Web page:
Rated 3.3 out of 5 by 3
Rated 1.0 out of 5.0 by Gramps Works great... until you run hot water
Your grandma probably had Delta faucet in her house (God rest her soul), this design has been around for years. Instead of Home Depot carrying "Delta" brand replacement parts, we get this "Danco" stuff instead. The problem is the plastic material Danco choose to use, it's thermally unstable. So, what do I mean by that? Lots of (not all) plastic materials physically change and grow when temperatures get warmer and shrink when they get colder. With these replacement parts, once you run hot water through the "hot" side of faucet for a while, that plastic grows and expands. When you 're ready shut it off, it still turns, but it now turns with increased resistance due to lack of internal clearance. Once everything cools back down, it turns normally again. Do yourself favor (and your grandma, if she's still alive) and replace those Delta stems with "Delta" brand stems, not "Danco" brand stems.
By the way..., if your grandma is still kicking, pick up the phone and give her call.
February 4, 2015
Rated 4.0 out of 5.0 by Mark Works well, tricky to install
In general, I'm pretty pleased with this - it installed fairly easily, and cleared up the leak well. It's sort of tricky to install it so that the faucet turns forward instead of backward - the original Delta stem had a movable stop that you put on the appropriate side after installing it. With this one, you have to make sure it's rotated correctly first, and the proper rotation isn't obvious - you have to check the inside of the handle.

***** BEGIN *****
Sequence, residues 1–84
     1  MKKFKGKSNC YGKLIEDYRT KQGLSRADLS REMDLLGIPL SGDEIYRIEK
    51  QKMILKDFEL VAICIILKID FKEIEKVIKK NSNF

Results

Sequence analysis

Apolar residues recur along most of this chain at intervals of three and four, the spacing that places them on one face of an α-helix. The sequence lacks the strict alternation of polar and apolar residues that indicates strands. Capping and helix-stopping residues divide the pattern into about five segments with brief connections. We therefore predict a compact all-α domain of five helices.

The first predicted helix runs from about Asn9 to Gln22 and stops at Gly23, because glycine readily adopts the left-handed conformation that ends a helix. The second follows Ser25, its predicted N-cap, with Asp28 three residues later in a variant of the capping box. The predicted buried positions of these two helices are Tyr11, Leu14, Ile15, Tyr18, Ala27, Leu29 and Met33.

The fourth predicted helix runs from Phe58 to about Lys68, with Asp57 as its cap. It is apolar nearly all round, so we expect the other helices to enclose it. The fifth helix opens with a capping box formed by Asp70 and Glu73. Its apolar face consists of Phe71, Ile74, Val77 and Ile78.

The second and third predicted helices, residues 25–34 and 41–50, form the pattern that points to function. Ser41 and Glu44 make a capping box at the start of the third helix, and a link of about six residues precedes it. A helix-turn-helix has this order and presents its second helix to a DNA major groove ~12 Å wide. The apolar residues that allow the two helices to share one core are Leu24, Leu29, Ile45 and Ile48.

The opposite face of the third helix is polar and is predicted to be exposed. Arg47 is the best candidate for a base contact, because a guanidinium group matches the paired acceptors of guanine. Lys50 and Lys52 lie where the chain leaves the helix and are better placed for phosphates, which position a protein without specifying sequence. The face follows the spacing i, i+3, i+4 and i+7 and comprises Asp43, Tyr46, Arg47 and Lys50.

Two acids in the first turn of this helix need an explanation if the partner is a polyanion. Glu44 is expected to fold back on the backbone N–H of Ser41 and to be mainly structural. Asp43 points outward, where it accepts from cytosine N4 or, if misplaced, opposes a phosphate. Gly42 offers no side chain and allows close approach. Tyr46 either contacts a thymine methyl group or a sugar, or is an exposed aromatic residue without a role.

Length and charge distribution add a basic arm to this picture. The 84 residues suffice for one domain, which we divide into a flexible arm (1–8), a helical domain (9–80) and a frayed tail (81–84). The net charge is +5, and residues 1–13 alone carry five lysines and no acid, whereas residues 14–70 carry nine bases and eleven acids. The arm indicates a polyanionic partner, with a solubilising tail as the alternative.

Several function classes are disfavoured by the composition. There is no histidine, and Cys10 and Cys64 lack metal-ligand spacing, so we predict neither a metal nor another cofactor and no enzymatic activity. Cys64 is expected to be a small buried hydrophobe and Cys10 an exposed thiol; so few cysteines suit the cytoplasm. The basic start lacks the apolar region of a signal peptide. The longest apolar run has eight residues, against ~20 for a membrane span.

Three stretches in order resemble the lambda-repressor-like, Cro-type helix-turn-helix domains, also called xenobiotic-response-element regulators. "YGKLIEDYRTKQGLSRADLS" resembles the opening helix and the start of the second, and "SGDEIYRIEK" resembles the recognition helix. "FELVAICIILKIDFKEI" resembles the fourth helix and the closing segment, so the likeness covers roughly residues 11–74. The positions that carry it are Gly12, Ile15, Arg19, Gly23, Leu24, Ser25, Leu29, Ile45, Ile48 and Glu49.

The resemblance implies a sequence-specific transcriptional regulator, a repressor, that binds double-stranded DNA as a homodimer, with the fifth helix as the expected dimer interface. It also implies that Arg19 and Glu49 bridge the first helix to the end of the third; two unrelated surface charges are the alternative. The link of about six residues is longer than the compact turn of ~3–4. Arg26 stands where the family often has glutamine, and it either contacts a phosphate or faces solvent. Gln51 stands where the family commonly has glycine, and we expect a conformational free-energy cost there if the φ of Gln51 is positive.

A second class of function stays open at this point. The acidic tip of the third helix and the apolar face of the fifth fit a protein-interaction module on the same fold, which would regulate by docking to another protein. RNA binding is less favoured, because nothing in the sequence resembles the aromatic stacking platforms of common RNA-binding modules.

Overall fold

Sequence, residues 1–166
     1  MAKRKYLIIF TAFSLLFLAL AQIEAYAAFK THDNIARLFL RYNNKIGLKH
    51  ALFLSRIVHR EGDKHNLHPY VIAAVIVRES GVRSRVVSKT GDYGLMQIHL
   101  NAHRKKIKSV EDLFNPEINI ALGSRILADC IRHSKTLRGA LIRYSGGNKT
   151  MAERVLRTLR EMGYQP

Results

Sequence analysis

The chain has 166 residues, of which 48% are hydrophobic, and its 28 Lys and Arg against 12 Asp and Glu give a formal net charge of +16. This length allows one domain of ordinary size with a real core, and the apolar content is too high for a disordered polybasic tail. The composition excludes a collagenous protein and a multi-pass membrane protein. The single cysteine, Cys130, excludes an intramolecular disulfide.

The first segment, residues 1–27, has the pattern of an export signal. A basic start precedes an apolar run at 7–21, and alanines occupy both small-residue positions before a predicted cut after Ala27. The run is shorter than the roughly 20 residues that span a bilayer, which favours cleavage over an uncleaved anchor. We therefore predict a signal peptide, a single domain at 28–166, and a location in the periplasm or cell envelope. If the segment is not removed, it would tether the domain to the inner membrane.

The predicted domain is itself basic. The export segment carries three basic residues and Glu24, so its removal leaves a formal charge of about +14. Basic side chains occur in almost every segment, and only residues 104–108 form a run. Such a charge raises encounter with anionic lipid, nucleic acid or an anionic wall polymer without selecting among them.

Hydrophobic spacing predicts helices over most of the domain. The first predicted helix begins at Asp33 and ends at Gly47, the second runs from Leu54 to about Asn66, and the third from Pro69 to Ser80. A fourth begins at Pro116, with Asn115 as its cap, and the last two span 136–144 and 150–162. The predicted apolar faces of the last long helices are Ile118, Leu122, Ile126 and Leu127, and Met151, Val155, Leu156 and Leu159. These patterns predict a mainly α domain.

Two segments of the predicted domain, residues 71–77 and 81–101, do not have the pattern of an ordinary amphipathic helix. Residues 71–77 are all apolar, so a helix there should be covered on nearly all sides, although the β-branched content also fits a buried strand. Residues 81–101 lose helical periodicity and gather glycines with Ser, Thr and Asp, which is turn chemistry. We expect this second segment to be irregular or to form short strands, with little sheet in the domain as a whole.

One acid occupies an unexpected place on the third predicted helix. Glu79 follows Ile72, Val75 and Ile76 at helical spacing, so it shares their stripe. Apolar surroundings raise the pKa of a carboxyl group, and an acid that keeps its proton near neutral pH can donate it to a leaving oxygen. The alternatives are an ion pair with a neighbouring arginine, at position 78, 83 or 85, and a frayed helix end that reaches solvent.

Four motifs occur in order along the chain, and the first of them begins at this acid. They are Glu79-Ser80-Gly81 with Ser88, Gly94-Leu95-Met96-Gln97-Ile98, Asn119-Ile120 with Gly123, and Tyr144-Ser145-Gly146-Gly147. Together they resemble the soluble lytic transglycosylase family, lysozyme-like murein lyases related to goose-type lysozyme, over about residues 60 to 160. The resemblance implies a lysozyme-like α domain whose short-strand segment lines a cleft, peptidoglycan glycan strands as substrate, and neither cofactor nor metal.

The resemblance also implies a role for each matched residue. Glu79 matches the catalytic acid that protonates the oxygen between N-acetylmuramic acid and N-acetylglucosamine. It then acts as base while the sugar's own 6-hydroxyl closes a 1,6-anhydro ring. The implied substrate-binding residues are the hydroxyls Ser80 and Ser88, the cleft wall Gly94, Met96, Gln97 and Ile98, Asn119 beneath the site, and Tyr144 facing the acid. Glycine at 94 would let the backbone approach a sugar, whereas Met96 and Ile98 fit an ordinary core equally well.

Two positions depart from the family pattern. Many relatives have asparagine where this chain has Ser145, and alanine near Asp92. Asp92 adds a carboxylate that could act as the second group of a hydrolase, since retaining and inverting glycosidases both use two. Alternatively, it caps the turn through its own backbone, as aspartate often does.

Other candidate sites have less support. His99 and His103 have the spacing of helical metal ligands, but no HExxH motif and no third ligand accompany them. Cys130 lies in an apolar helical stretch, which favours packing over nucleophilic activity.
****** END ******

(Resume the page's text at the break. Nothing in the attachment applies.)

November 19, 2012
Rated 5.0 out of 5.0 by Doresoom Fix your leaky bathtub faucet!
Our bathtub faucet had a slow drip, and this replacement part fixed the problem. I can't tell a difference between the original Delta part and the Danco replacement either. Installation was pretty easy, and once I got started I only spent about 15 minutes total.
For those of you new to faucet repair, here's the process:
Identifying what part I needed was pretty easy after I removed the knob. To do this, just ease a screwdriver into the gap on the knob cap and gently pry upwards. Then unscrew the screw and pull the knob off. If you only go this far, you don't even have to turn the water off.
If you're lucky you might have a water shutoff installed at the tub. I wasn't so fortunate and had to turn the whole house off to replace the stem. If you don't want to turn the water off to the whole house while you're at the store, take a picture of the top of your valve stem and then go to the faucet repair aisle in Home Depot. Make sure to note the brand! Otherwise get a wrench, take the nut off, and take the stem to the store to match. The only part that looked remotely like mine was this one.
I bought two, just in case both stems were leaking. When I got back I shut the water off to the house and took the nuts off of the valves with an adjustable wrench. Then I pulled the old stems out and used precision pliers to grab the old gasket and spring from inside the fixture. Installation is just the reverse process. I had a little trouble getting the gasket to seat, and I ended up lining it up and then seating it by pressing the stem in on top of it. I took the stem back out and sure enough, it had seated properly. Then just put the stem back in and screw it down with the retaining nut. Screw the knob back on and push in the cap, then turn on the water to make sure the valve has a good seal.
Easy as pie! The only tools you'll need are a screwdriver, an adjustable wrench, and some precision pliers. Fifteen minutes later, no more leaky faucet.
November 23, 2013